80,000+ beehives damaged or dead;
Beekeepers Meet With EPA
The last two weeks the Pollinator Stewardship Council has received reports of bee kills at the end of the almond bloom. A meeting with EPA was held by Pollinator Stewardship Council, American Honey Producers Association, and the American Beekeeping Federation, Monday, March 24 in Los Banos, California to discuss the pollinator losses during almond pollination. More than seventy beekeepers attended in person and on a conference call.
Bees were released from almond pollination, and beekeepers began to see the effects of a tank mix that caused dead adult bees, and dead, dying, and deformed brood. A poll taken of the seventy-five beekeepers at the meeting showed 80,000 colonies damaged: 75% of them severely damaged. Additional reports place an average loss of 60% of hives in almonds were impacted. Of that 60%, 40% lost adult bees and had dying brood, 20% of the hives were dead completely. These losses were experienced by beekeepers who wintered in California, as well as those who brought their bees into almonds from southern states.
The meeting addressed the bee kills in almonds, and the new label language for foliar applications of clothianidin, dinotefuran, imidacloprid, thiamethoxam, and the two new products tolfenpyrad and cyantraniliprole. The majority of the meeting addressed the damages beekeepers suffered from a tank mix that included an insect growth regulator (IGR) and a fungicide. The tank mix was applied “per the label.” However, the IGR has decimated the ability of beekeepers to make splits for the next crop pollination, to breed queens, or to make packages of bees. Many beekeepers expressed grave concern that the tank mix was applied in one area, but honey bees from other orchards, under another grower’s pollination contract received damaged due to drift, and foraging range. Some of the bee damage was not evident until truckloads of bees returned to their southern homes. The effects of fungicides and IGRs were delayed just enough beekeepers did not realize the impact until their hives were released from pollinating almonds. Research has shown fungicides are detrimental to pollinators. (Fungicides can reduce, hinder pollination potential of honey bees http://westernfarmpress.com/fungicides-can-reduce-hinder-pollination-potential-honey-bees)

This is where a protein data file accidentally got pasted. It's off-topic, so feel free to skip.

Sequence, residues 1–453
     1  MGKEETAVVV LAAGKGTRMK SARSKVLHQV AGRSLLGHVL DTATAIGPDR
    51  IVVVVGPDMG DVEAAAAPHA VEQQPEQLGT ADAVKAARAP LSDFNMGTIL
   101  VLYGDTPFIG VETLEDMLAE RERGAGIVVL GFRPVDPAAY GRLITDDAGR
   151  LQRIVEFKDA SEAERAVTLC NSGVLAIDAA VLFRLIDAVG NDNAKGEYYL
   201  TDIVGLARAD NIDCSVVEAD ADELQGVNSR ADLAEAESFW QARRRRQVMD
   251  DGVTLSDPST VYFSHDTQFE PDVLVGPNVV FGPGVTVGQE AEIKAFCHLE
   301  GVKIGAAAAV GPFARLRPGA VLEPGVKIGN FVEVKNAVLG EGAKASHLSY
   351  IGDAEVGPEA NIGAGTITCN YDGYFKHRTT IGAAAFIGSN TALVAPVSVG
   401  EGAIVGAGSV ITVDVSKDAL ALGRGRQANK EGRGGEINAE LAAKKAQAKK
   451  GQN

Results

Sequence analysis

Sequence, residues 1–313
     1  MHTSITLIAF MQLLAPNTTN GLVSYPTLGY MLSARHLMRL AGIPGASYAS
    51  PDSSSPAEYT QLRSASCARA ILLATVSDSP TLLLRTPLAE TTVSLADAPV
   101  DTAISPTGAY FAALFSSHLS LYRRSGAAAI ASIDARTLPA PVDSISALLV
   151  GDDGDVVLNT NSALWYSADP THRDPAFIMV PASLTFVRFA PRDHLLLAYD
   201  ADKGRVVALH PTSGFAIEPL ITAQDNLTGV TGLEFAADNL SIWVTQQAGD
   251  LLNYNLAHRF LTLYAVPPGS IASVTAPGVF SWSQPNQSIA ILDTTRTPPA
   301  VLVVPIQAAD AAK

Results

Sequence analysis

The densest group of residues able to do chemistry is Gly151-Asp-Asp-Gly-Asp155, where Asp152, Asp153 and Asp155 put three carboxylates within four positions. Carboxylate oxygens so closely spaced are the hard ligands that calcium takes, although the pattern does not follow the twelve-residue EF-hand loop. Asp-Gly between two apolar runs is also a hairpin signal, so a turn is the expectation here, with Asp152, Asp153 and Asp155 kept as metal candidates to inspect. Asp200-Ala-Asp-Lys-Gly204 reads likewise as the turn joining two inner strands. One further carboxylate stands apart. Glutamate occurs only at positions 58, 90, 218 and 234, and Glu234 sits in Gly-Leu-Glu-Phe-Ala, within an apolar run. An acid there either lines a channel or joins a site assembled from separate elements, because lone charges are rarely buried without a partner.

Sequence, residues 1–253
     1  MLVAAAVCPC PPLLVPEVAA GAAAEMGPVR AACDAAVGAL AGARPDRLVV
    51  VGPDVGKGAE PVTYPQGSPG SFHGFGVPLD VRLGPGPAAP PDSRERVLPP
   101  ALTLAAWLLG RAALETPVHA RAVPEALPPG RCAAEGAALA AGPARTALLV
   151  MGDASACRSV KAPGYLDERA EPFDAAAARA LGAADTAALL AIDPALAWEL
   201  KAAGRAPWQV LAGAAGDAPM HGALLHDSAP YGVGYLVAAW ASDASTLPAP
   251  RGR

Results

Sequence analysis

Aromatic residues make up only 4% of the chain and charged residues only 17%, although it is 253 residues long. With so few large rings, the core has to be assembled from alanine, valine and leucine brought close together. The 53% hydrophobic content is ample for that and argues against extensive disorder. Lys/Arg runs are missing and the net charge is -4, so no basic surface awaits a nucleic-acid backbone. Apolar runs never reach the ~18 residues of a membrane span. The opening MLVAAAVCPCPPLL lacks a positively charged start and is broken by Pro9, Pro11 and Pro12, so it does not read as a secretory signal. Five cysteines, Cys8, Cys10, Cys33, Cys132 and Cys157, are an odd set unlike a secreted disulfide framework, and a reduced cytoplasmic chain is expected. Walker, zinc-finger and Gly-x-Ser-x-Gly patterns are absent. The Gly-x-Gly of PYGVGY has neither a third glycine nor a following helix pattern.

Research and experience has shown night applications of pesticides in almonds causes less damage to pollinators. Beekeepers at the Los Banos meeting stated they have been experiencing damage to their bees in almonds for six years. The damages decreased when growers applied products at night, or did not apply any products during the bloom; but this year some practices changed, and bees were heavily impacted. The impact was so great a few beekeepers said they would not return to almonds, as they cannot take these losses to their bees and their business.
The bee kills in almonds at the end of this season were due to products used “per the label.” The fungicides, the IGRs were all used per the label. The tank mixing of products were all used per the label. Directions on pesticide labels generally state the herbicide, fungicide, insecticide “is physically and biologically compatible with many registered pesticides, fertilizers or micronutrients . . . If you have no experience with the combination you are considering, you should conduct a test to determine physical compatibility. To determine physical compatibility, add the recommended proportions of each chemical with the same proportion of water as will be present in the chemical supply tank into a suitable container, mix thoroughly, and allow to stand for five minutes. If the combination remains mixed, or can be readily re-mixed, the mixture is considered physically compatible.” One beekeeper described tank mixing this way, “The pesticide label basically instructs you to take a quart jar and mix the products you want to use into the jar. If it does not ‘blow-up’ go ahead and mix the full chemicals and apply to the crop.” (Pesticide Mixtures Have Damaging Effects on Bees http://extension.psu.edu/pests/ipm/news/2013/pesticide-mixtures-have-damaging-affects-on-bees)